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More than fifty years before the American Revolution, Boston was in revolt against the tyrannies of the Crown, Puritan Authority, and Superstition. This is the story of a fateful year that prefigured the events of 1776. In The Fever of 1721, Stephen Coss brings to life an amazing cast of characters in a year that changed the course of medical history, American journalism, and colonial revolution, including Cotton Mather, the great Puritan preacher, son of the president of Harvard College; Zabdiel Boylston, a doctor whose name is on one of Boston’s grand avenues; James and his younger brother Benjamin Franklin; and Elisha Cooke and his protégé Samuel Adams. During the worst smallpox epidemic in Boston history Mather convinced Doctor Boylston to try a procedure that he believed would prevent death—by making an incision in the arm of a healthy person and implanting it with smallpox. “Inoculation” led to vaccination, one of the most profound medical discoveries in history. Public outrage forced Boylston into hiding, and Mather’s house was firebombed. A political fever also raged. Elisha Cooke was challenging the Crown for control of the colony and finally forced Royal Governor Samuel Shute to flee Massachusetts. Samuel Adams and the Patriots would build on this to resist the British in the run-up to the American Revolution. And a bold young printer James Franklin (who was on the wrong side of the controversy on inoculation), launched America’s first independent newspaper and landed in jail. His teenage brother and apprentice, Benjamin Franklin, however, learned his trade in James’s shop and became a father of the Independence movement. One by one, the atmosphere in Boston in 1721 simmered and ultimately boiled over, leading to the full drama of the American Revolution.

The History of Emotions

An Introduction
Author: Jan Plamper
Publisher: Emotions in History
ISBN: 0199668337
Category: History
Page: 352
View: 8159
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The history of emotions is one of the fastest growing fields in current historical debate, and this is the first book-length introduction to the field, synthesizing the current research, and offering direction for future study. The History of Emotions is organized around the debate between social constructivist and universalist theories of emotion that has shaped most emotions research in a variety of disciplines for more than a hundred years: social constructivists believe that emotions are largely learned and subject to historical change, while universalists insist on the timelessness and pan-culturalism of emotions. In historicizing and problematizing this binary, Jan Plamper opens emotions research beyond constructivism and universalism; he also maps a vast terrain of thought about feelings in anthropology, philosophy, sociology, linguistics, art history, political science, the life sciences; from nineteenth-century experimental psychology to the latest affective neuroscience; and history, from ancient times to the present day.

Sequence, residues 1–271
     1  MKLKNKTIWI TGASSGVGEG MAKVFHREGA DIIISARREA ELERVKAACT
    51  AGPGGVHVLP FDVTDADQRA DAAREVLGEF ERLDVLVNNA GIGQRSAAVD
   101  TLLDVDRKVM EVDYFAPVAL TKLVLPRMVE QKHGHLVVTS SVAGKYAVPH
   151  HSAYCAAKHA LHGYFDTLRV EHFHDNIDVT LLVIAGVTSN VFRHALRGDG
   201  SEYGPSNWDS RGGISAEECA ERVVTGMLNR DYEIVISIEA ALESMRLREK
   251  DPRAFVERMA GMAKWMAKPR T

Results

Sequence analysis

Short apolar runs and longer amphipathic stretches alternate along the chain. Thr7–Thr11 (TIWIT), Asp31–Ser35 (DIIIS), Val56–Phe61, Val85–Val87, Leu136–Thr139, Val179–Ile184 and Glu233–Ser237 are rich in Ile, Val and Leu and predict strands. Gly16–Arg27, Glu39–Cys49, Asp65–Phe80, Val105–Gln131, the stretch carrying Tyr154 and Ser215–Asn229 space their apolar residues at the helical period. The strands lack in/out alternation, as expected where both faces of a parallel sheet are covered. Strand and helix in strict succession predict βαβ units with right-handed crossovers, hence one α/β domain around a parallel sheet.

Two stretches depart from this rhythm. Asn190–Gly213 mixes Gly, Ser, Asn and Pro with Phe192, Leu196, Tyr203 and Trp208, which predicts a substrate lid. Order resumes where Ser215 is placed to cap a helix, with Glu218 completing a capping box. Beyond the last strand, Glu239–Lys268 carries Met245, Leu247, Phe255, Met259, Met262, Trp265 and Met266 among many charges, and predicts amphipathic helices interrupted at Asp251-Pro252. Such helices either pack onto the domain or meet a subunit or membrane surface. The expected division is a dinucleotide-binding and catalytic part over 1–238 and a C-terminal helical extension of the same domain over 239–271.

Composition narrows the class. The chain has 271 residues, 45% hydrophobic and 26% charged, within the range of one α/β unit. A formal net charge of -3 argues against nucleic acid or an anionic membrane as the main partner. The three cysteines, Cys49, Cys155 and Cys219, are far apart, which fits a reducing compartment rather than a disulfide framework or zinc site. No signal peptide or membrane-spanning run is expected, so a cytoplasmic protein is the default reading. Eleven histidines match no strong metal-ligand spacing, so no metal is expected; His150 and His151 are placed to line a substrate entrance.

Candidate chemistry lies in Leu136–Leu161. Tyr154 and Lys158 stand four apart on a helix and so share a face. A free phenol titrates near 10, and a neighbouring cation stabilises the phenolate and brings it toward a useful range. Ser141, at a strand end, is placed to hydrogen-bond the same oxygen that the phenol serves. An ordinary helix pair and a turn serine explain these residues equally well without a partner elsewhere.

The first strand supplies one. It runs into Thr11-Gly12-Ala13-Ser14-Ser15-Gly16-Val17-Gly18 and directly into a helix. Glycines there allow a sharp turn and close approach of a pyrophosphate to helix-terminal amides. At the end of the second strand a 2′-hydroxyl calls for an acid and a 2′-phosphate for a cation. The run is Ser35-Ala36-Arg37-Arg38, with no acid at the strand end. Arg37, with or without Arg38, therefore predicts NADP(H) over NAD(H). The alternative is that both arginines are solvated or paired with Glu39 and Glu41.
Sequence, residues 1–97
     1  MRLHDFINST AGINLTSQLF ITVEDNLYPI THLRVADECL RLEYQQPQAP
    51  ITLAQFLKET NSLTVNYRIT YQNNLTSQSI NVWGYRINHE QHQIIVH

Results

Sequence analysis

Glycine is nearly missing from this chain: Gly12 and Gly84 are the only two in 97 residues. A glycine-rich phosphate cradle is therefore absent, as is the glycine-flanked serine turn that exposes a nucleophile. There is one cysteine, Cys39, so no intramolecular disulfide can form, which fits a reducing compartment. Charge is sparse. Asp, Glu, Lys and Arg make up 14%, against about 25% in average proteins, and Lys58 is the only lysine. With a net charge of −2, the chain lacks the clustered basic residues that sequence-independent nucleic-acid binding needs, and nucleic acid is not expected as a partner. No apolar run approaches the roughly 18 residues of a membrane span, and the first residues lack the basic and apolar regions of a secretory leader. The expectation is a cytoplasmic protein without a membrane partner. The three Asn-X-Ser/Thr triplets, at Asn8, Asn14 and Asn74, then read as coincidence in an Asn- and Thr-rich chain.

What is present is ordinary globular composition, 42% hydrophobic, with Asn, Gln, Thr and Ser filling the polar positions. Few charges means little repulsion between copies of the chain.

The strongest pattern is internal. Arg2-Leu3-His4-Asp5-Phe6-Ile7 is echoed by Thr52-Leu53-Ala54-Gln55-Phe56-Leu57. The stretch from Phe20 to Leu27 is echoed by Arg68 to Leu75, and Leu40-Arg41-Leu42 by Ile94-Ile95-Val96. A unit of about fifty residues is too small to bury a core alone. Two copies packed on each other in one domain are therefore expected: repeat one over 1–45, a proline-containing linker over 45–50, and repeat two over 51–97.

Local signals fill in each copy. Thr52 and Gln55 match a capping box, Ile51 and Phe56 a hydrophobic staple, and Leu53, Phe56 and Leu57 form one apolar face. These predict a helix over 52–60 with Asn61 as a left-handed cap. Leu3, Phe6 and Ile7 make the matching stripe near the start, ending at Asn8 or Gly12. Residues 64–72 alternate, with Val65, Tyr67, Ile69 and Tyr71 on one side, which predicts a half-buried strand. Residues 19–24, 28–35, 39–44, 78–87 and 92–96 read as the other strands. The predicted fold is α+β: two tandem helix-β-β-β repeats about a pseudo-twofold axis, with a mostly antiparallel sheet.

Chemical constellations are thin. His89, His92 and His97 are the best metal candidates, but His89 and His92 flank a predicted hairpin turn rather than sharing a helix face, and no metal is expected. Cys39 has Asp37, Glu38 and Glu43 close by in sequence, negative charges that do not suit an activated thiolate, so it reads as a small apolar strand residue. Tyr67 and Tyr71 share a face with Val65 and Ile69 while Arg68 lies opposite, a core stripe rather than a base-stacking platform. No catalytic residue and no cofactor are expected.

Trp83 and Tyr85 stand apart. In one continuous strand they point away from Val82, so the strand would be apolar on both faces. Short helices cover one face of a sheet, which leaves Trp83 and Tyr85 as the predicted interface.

Vaccine Safety Forum

Summaries of Two Workshops
Author: Institute of Medicine,Board on Health Promotion and Disease Prevention
Publisher: National Academies Press
ISBN: 030917449X
Category: Medical
Page: 72
View: 2454
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On November 6, 1995, the Institute of Medicine's Vaccine Safety Forum convened a workshop on detecting and responding to adverse events following vaccination. Workshop speakers and participants discussed the difficulties in detecting adverse events, current adverse events detection and response methods and procedures, suggestions for improving the means of detecting and responding to adverse events following vaccination, and future areas of research. This document represents a summary of that workshop.

Vaccine

The Debate in Modern America
Author: Mark A. Largent
Publisher: JHU Press
ISBN: 1421406071
Category: History
Page: 222
View: 5805
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Since 1990, the number of mandated vaccines has increased dramatically. Today, a fully vaccinated child will have received nearly three dozen vaccinations between birth and age six. Along with the increase in number has come a growing wave of concern among parents about the unintended side effects of vaccines. In Vaccine, Mark A. Largent explains the history of the debate and identifies issues that parents, pediatricians, politicians, and public health officials must address. Nearly 40% of American parents report that they delay or refuse a recommended vaccine for their children. Despite assurances from every mainstream scientific and medical institution, parents continue to be haunted by the question of whether vaccines cause autism. In response, health officials herald vaccines as both safe and vital to the public's health and put programs and regulations in place to encourage parents to follow the recommended vaccine schedule. For Largent, the vaccine-autism debate obscures a constellation of concerns held by many parents, including anxiety about the number of vaccines required (including some for diseases that children are unlikely ever to encounter), unhappiness about the rigorous schedule of vaccines during well-baby visits, and fear of potential side effects, some of them serious and even life-threatening. This book disentangles competing claims, opens the controversy for critical reflection, and provides recommendations for moving forward.

Immunology, Infection, and Immunity


Author: Gerald Bryan Pier,Jeffrey B. Lyczak,Lee M. Wetzler
Publisher: Amer Society for Microbiology
ISBN: 9781555812461
Category: Medical
Page: 718
View: 7413
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Covers both the foundation concepts of immunology, among the most exciting in modern biology and medicine, and their application to the real world of diseases and health. This new text combines clear narratives of how the immune system functions relying in many instances on supporting data from experiments. The editors use examples and illustrations depicting basic immunologic processes in conjunction with their role in infectious or other diseases in order to teach both basic and applied aspects of immunology. Ideally suited for upper division and graduate level students as well as medical and dental students with a good background in basic biology, biochemistry, genetics, and cell biology, the text complements traditional views and dogmas about immunology with today's cutting edge ideas and experimental data describing how the immune system works.